Live music at The Hothouse in Morecambe

The Rheingans Sisters. Picture by James Fagan.
The Rheingans Sisters. Picture by James Fagan.
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Musicians, composers and folk music scholars The Rheingans Sisters have released their third album Bright Field and will be playing The Hothouse in Morecambe on Friday, April 13, at 7.30pm.

Since their award winning album Already Home (2015) the duo have cemented their reputation as an unmissable live act on the folk and world music stage, captivating audiences across the UK, Europe and Australia.

Their poignant compositions have also gained them many new fans and a busy night at the 2016 BBC Radio 2 Folk Awards, where they won the prestigious ‘Best Original Track’ award for their song Mackerel alongside a nomination in the ‘Horizon’ category for Best New Act.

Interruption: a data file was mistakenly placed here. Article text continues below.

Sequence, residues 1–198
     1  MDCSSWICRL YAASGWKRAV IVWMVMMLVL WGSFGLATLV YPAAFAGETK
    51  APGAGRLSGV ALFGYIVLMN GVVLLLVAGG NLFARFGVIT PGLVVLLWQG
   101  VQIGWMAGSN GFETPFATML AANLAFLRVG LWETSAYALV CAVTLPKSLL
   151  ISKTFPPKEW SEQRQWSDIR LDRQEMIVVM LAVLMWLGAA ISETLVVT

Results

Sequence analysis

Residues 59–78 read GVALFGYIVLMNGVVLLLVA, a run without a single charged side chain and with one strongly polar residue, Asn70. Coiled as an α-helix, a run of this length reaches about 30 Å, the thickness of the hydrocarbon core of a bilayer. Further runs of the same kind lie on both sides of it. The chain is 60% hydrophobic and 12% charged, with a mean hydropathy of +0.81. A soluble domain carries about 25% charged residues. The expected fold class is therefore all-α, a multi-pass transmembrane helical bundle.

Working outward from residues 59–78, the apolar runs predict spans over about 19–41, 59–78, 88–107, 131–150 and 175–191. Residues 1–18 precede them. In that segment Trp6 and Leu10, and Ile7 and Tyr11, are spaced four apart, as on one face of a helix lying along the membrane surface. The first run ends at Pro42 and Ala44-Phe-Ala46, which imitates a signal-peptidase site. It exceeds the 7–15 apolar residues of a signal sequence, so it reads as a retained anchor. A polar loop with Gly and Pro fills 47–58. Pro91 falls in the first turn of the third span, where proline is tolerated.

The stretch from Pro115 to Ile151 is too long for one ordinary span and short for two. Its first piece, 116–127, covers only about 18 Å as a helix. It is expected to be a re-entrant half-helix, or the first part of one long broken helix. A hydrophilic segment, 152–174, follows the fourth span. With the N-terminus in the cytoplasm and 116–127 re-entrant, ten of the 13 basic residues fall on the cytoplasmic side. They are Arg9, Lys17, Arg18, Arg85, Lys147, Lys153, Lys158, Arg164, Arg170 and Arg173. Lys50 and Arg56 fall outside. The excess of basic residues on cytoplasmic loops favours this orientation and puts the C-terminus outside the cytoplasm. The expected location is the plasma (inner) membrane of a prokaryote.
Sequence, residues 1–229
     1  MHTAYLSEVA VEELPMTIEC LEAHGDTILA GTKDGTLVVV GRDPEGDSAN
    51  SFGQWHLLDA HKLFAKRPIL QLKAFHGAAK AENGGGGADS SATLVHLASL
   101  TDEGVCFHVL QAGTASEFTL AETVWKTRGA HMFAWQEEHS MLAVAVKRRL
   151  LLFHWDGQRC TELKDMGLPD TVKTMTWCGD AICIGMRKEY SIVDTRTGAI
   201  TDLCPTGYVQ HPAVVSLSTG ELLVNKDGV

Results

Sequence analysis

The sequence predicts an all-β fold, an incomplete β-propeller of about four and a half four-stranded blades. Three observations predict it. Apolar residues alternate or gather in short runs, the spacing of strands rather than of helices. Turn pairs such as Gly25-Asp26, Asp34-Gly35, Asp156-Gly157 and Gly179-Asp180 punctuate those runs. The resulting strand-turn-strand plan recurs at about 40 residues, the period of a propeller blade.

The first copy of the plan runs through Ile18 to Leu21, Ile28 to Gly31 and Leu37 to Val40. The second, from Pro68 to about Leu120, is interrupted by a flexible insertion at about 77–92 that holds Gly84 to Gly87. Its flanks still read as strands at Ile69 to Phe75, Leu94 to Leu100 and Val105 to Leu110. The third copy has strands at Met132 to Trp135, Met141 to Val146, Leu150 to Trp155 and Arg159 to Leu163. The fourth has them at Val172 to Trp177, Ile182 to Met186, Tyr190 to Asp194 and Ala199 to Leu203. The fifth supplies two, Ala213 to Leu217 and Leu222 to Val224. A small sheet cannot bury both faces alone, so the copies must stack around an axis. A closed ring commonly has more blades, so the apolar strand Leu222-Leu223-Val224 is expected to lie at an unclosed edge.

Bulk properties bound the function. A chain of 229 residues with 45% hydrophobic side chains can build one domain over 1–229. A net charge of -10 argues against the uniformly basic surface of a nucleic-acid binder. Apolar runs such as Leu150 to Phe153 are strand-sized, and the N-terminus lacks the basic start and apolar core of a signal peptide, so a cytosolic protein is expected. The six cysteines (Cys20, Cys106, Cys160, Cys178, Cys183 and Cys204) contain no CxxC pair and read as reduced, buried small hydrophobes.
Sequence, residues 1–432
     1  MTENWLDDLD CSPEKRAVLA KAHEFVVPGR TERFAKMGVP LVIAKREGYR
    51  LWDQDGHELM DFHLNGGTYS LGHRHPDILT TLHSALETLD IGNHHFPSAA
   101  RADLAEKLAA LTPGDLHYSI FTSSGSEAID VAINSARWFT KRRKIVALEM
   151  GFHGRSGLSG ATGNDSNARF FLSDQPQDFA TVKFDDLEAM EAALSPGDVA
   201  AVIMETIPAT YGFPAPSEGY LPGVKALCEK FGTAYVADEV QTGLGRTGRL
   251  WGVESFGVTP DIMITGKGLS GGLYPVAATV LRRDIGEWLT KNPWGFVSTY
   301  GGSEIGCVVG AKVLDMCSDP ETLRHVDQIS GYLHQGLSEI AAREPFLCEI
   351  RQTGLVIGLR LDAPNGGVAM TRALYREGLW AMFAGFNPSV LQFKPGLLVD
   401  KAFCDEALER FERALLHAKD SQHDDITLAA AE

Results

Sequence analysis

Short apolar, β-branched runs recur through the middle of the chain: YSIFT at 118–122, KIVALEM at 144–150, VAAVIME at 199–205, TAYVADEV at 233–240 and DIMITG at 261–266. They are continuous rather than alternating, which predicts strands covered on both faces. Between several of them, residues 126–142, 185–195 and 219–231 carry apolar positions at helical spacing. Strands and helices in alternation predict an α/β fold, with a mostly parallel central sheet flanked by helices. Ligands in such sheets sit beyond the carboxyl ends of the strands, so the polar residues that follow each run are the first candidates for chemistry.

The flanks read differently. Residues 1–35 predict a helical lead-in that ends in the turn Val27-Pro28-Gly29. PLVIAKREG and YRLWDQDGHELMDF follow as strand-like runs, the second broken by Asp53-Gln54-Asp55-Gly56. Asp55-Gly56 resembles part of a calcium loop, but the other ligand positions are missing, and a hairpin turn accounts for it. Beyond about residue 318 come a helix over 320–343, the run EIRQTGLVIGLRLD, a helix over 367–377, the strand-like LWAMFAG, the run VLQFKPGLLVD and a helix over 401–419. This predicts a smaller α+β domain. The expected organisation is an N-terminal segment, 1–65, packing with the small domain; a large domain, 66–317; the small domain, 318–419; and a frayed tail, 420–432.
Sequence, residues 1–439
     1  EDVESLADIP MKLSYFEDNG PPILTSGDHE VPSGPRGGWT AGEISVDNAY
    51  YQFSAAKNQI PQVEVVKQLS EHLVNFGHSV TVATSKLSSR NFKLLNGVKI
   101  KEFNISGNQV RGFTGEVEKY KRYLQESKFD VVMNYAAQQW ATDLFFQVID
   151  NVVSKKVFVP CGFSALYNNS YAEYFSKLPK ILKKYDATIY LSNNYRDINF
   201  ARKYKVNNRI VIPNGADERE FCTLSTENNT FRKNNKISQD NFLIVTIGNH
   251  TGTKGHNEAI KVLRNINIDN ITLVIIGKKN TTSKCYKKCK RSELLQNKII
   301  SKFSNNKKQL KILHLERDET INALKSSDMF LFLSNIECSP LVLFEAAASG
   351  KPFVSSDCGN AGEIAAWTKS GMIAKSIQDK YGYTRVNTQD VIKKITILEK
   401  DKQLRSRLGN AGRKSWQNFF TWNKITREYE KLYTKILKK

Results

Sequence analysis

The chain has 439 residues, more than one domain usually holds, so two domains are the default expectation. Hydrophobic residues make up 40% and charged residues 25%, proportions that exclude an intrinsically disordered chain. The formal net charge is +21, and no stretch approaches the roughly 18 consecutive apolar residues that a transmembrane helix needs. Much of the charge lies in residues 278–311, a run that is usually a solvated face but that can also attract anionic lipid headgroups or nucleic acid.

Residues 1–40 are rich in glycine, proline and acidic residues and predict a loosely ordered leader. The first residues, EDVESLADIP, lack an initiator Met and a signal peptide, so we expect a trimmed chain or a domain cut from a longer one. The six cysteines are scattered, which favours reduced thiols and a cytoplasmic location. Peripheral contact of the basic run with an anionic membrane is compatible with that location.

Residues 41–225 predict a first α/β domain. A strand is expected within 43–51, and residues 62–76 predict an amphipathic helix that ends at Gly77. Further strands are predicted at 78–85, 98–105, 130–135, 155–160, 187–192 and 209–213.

While Anna Rheingans lives and works as a musician and violin teacher in Toulouse, Rowan Rheingans is one of the most in demand musicians on the UK folk scene today.

She has been kept busy with no less than four other notable releases over the past two years; her trio Lady Maisery’s critically acclaimed third album Cycle as well as Nancy Kerr’s astonishing Instar, Welsh songwriter Gwyneth Glyn’s debut album Tro and the remarkable Songs of Separation project, which won the BBC Radio 2 Folk Award for ‘Best Album’ in 2017.

A spacious, adventurous and quietly revealing album, Bright Field is The Rheingans Sisters first collection of newly composed music.

If Already Home told listeners where the fiddle-singing duo were coming from, both in their pan-European musical scholarship (Anna and Rowan have studied in France, Sweden, Norway and Ireland) and in their vivacious nurturing of connections between the folk music of different geographical origins, then Bright Field tells us where they are going and explores more deeply than ever the grounded yet experimental artistic approach with which they travel.

Tickets £10 adv/£12 door. Tel: 01524 831997.